Advocates file suit to stop Iowa’s ‘unconstitutional’ immigration law

Iowans rally in opposition to SF 2340, a new immigration law that targets undocumented migrants. Photo by Avery Staker/Starting Line

By Ty Rushing

May 9, 2024

Immigration advocates filed a federal lawsuit Thursday to stop Iowa’s new immigration law—SF 2340—from taking effect arguing that the legislation creates new crimes for anyone in Iowa who has been deported in the past even if they are here legally now.

A hearing date has not been set yet.

The lawsuit was filed in the US District Court for the Southern District of Iowa by the American Immigration Council, the American Civil Liberties Union (ACLU) of Iowa, and the national ACLU on behalf of the Iowa Migrant Movement for Justice and the thousands of immigrants that the organization assists, including two individual Iowans.

“The crux of this lawsuit is that it challenges the state’s ability to create its own immigration system, flouting more than a century of law that leaves that work to the federal government,” said Kate Melloy Goettlle, senior legal director of the American Immigration Council, during a Thursday press conference.

“That is well-settled law, but it also makes practical sense: We don’t want 50 state governments coming up with 50 different immigration systems.”

The two plaintiffs in the suit are identified as Jane Doe and Elizabeth Doe. Jane Doe is a 68-year-old Garnavillo resident who has been in the US legally since 2022 but was previously deported to Mexico.

“She was deported to Mexico in 2005 and waited 17 years to be able to come back to the United States lawfully where her family resides,” Melloy Goettlle said. “She has five kids and many grandchildren, most of whom live here in Iowa, and she is under great stress and anxiety not knowing if she’s going to be prosecuted under this law.”

“This is impacting Iowans who are here with green cards living here lawfully and who have returned to the United States with federal authorization.”

Elizabeth Doe is a 40-year-old legal resident from Des Moines who moved to the US from Colombia in 2016, was deported in 2017, and returned in 2018 after marrying her husband who is a US citizen.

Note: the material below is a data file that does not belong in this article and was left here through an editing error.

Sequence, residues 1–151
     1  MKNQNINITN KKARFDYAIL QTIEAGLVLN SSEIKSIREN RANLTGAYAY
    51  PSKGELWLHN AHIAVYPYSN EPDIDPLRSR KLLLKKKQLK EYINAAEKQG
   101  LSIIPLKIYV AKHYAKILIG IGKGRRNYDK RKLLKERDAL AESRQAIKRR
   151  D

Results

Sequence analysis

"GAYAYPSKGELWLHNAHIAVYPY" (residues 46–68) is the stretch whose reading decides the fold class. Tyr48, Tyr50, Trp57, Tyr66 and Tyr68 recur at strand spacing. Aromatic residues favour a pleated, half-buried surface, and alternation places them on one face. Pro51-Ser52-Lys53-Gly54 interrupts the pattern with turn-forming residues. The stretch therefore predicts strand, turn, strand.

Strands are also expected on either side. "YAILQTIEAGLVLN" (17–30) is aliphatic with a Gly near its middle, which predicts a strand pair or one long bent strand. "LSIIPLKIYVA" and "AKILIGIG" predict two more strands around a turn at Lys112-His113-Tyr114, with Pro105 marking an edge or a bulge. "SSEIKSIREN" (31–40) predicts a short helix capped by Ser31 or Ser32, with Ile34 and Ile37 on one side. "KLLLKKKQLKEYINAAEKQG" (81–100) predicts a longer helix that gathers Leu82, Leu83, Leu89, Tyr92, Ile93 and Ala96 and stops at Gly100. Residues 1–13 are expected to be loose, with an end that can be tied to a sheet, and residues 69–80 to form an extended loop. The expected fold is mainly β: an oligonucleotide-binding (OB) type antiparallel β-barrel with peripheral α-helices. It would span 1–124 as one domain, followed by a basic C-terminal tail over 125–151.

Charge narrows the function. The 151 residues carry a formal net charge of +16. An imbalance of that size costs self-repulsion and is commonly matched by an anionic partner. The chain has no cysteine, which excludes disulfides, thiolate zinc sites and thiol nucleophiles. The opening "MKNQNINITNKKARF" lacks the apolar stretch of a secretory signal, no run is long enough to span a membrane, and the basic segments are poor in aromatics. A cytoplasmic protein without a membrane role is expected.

SF 2340 makes illegal immigration a state crime in addition to being a federal crime and turns Iowa law enforcement agencies into quasi-immigration offices. The law charges undocumented migrants found in Iowa with an aggravated misdemeanor if they have been previously denied entry into the United States, or excluded, deported, or removed from the country.

The charge becomes a felony if the undocumented migrant’s prior removal includes a conviction for drugs and/or crimes against a person. SF 2340 also allows Iowa judges to order the deportation of undocumented migrants and gives law enforcement agencies the authority to transfer undocumented migrants to the nearest US port of entry.

The US Department of Justice warned Iowa that this law violates the US Constitution and announced its own lawsuit against Iowa also on Thursday. Melloy Goettlle agrees.

“It’s a law that makes absolutely no sense and is clearly unconstitutional,” she said.

The lawsuit names Gov. Kim Reynolds, Attorney General Brenna Bird, Clayton County Attorney Zach Herrmann, and Polk County Attorney Kimberly Graham as defendants.

Graham said her office will comply with any future court rulings, but it will not “participate in this lawsuit or spend the money of the people of Polk County defending this action.” Reynolds and Bird each put out statements defending the legislation.

“As governor, I have a responsibility to protect the citizens of Iowa,” Reynolds said. “Since President Biden refuses to enforce our nation’s immigration laws—threatening the safety of our citizens–Iowa will step in.”

Bird’s remarks also played up public safety as the reason for this legislation, something Iowa’s law enforcement agencies have pushed back on and that Iowa ACLU Director Rita Bettis Austen also noted.

“This is harmful to public safety, it is not helpful to public safety,” she said. “This law makes it impossible for immigrants to feel safe, contact police, and community policing relies on trusting relationships between law enforcement and the community.”

Dr. Maria Corona, executive director of the Iowa Coalition Against Domestic Violence, also highlighted how this legislation could further harm victims of domestic or sexual abuse.

“This law not only deters immigrant victims of intimate partner violence from calling the police, but it penalizes victims who are already working with law enforcement to improve public safety by putting them at risk for arrest, deportation, or incarceration,” she said.

“Discouraging domestic violence victims from calling police when they are in danger puts individuals at greater risk, undermines public safety, and threatens the well-being of communities across Iowa.”

 

Story updated to reflect the additional lawsuit by the US Department of Justice.

  • Ty Rushing

    Ty Rushing is the Chief Political Correspondent for Iowa Starting Line. He is a trail-blazing veteran Iowa journalist, an Emmy-nominated filmmaker, and co-founder and president of the Iowa Association of Black Journalists. Send tips or story ideas to [email protected] and find him on social media @Rushthewriter.

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